“We just started tweeting at him about it,” Stephen explains, laughing. “We traveled all the way to Baltimore to talk to him on Twitter.”

Before the night was over, Valand, Shea, and Stumke had made an e-deal to create a beer kit together. And not just any beer. “I decided if I was going to make a beer kit, I was going to do a beer kit that no one had ever done before,” Stumke explains. “I wanted to show people how they could make a world-class beer in their own kitchen.”

Stumke and Valand decided to go for the gose. Stillwater’s Gose Gone Wild is the most popular gose on RateBeer and probably the most popular and beloved beer in Stillwater’s much-ballyhooed lineup. “No one has ever created a sour ale that beginners can tackle,” Valand explains.

There’s a reason for that, of course. The beer is an old-fashioned, obscure German style requiring skills, ingredients, and brewing methods first-timers aren’t going to have.

“It took us a while to break down the science part and make it totally straightforward for anyone to do at home,” Valand says. They got around steps like wild fermentation with an unexpected hack: using a lactobaccillus tab. It’s the same strain that makes yogurt, cheese, sauerkraut, and pickles. In addition to the genius lacto tab, the kit has everything a first-timer needs, including grain, thermometer, fermenter, tubing, racking cane and tip, plus other bells and whistles.

“Brian gave us his entire recipe, which was an amazing leap of trust and a huge gift for the consumer,” Valand says. “Aside from a few minor hacks that we discussed, everything people do at home is identical to what he does in the brewery, just on a much smaller scale. When I made it for him to try he couldn’t believe it because it really did taste identical. That was hugely gratifying.”

As a RateBeer obsessive who feels genuine anxiety when selecting a new pricey beer to sample, I decided to give beer brewing a spin. Now, while I have been known to pickle a harvest or two of excess cukes from the farmer’s market, I’m no Sandor Katz. And in my house, because I have four-year-old twins, everything I do, from changing a roll of toilet paper to painting the living room, turns into a profoundly trying family affair full of questions, hygiene challenges, and copious amounts of wet paper towels. (The deep-breathing and visualization techniques I learned in Lamaze class and never thought I’d have to apply to real-life post birthin’ are no longer a coping mechanism but a way of life.) Making beer was no different.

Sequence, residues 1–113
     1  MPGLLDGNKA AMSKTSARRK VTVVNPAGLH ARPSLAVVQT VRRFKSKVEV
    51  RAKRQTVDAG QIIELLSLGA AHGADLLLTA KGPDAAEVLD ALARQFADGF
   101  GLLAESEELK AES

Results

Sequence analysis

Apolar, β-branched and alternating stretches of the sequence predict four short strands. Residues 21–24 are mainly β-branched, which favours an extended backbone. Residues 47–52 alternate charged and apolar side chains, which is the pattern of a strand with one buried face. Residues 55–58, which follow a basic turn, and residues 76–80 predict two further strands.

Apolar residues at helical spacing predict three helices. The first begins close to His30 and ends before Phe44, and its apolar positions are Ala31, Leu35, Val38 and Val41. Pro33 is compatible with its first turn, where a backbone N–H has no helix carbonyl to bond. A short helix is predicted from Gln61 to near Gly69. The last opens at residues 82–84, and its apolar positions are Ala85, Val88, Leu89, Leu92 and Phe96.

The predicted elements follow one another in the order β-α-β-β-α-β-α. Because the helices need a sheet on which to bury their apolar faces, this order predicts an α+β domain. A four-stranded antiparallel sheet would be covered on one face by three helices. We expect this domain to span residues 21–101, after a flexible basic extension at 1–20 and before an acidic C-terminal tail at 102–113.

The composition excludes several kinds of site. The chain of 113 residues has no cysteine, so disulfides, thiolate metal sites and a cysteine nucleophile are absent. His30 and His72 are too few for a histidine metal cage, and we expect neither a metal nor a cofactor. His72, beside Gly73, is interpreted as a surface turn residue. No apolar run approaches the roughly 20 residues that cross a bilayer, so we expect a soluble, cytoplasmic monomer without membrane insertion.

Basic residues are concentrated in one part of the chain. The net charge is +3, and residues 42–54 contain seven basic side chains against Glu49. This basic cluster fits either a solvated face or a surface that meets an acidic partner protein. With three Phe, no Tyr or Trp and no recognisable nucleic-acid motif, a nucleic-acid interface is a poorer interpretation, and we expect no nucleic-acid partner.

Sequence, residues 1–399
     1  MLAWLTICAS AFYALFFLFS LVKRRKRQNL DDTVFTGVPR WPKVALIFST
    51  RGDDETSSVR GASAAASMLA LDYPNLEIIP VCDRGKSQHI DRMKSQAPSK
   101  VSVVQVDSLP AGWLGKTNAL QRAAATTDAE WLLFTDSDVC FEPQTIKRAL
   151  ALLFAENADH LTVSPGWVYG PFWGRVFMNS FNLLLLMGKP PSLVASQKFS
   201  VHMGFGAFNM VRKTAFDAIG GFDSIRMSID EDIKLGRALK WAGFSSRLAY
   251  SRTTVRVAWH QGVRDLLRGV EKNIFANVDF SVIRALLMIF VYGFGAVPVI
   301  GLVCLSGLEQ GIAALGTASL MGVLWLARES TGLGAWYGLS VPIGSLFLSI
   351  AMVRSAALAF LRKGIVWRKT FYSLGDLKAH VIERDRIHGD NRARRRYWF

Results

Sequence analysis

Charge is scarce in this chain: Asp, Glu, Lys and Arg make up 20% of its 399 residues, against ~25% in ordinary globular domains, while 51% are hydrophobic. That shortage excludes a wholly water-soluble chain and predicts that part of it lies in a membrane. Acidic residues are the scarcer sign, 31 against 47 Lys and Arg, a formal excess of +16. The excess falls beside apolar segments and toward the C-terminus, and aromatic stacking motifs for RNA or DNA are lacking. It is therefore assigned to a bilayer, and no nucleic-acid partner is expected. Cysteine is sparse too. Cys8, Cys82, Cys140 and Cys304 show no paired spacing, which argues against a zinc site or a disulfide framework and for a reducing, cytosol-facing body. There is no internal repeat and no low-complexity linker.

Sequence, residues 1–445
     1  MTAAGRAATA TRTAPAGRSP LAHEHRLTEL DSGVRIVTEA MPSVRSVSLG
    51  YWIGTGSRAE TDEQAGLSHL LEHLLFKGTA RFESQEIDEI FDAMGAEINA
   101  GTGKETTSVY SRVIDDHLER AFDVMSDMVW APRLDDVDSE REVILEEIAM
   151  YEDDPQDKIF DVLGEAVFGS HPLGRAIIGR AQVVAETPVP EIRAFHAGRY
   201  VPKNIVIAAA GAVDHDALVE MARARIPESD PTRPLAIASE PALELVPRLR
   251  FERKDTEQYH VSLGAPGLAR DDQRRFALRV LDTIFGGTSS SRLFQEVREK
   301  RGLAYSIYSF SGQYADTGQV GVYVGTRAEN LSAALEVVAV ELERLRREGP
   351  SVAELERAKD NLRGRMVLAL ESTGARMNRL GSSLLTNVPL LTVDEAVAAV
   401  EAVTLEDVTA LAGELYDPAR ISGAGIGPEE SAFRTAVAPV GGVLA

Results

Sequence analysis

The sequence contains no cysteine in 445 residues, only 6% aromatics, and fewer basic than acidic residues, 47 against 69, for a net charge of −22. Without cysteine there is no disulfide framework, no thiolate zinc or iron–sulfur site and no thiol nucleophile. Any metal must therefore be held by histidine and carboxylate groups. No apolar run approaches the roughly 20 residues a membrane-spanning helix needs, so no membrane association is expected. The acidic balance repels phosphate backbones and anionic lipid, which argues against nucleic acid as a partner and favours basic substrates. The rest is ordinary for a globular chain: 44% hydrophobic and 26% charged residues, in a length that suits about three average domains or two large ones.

Hygiene issues aside, the process was about as difficult with my helpers as baking fancy homemade bread, and required as much patience. The boon – as with all kitchen projects – is that creating something culinary you know you’re going to love with people you love is always more rewarding that just grabbing it at a store. The hardest part now? Waiting for it to ferment.

Aside from the rush of knowing you’re making one of your favorite beers at home yourself, getting consumers closer to the process of brewing will surely only help consumers connect on a more essential level with beer, which, in turn, will help the producers and the farmers who grow the grain and hops.

Will home brewing become a financially remunerative, inevitable extension of the food revolution? TBD. In the meantime (and while I wait for the gose), I’m grabbing the Evil Twin Bikini Kit.